Police procedures held to account after £3,000 in cash seized during raid 'goes missing'
The police revamped its system of handling seized cash after officers were accused of stealing, or mislaying, thousands of pounds following a house search.
The allegation of "missing" money was made by a man whose property was searched under warrant by police officers who were looking for stolen goods.
He claimed that a total of more than £28,000 in cash was removed from the house by the police. Yet following an investigation, which resulted in no proceedings being taken against the owner, he said that the sum handed back was more than £3,000 short.
The man made a complaint to the Police Ombudsman's Office.
The police's mishandling of the way the money was catalogued was deemed to have jeopardised subsequent court proceedings, with the Police Ombudsman recommending an officer be disciplined for their role in the case.
The PSNI yesterday declined to comment on what disciplinary action, if any, was taken as a result.
The Ombudsman established through interviews with the officers and an analysis of the documentation that large sums of cash were found in different parts of the house. This money was immediately bagged on-site using tamper-proof evidence bags.
These were marked individually, listing where they were found, and dealt with in line with PSNI instructions and good practice, the investigation found.
Later that day the bags were handed over to another police officer for counting. The actions of this officer became the focus of the Ombudsman's investigation.
"Under questioning, he admitted that the day after he was handed the money he opened all of the sealed exhibit bags at the same time and counted their contents, but rather than counting the contents of each bag separately, he counted all the money as one," a Police Ombudsman report read.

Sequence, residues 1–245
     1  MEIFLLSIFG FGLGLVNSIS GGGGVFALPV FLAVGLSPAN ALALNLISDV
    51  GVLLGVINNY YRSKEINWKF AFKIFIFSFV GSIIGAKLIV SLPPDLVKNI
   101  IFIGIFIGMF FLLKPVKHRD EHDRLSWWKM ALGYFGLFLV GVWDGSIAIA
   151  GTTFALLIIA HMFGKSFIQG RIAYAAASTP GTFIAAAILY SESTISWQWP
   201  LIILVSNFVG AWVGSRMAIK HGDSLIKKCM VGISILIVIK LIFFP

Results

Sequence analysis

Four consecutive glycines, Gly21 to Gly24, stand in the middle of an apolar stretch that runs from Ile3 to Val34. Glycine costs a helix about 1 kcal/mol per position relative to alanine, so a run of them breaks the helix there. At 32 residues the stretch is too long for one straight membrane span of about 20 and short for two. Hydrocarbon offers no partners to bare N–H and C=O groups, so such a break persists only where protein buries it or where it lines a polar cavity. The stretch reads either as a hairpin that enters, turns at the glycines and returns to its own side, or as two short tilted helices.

"Crucially, this meant it was impossible to show, subsequently, how much money was seized from each part of the house. He vehemently denied, however, that the total amount seized came to the figure alleged by the complainant.
"It was established during the Ombudsman's investigation that, at the time of the incident, no internal guidance was available to officers on how to count money seized in such circumstances.
"However, the Ombudsman considered that a commonsense approach should have been adopted when dealing with the money."
The watchdog said it should have been clear that counting the contents of separate packages of money all together defeated the purpose of them being bagged individually.
"The officer's mishandling of the money contributed to the confusion over the total amount of money seized," his findings read. "It also weakened the prosecution case against the owner of the property, as the police were unable to counter the man's assertions about how much money was in each location.
"Additionally, the Ombudsman considered that the officer's actions exposed him and other police officers to allegations of theft."
The Ombudsman recommended that the PSNI should establish new written guidance for the way seized money is handled.
This resulted in a new 'cash seizure' flow chart which is now in operation across the PSNI.
Policing Board member David McIlveen told the Belfast Telegraph: "The handling of evidence should be done in a professional way. Regardless of what is behind a police search or investigation there has to be due care given to what you're doing."
"If money has been seized we have to ensure that is handled properly."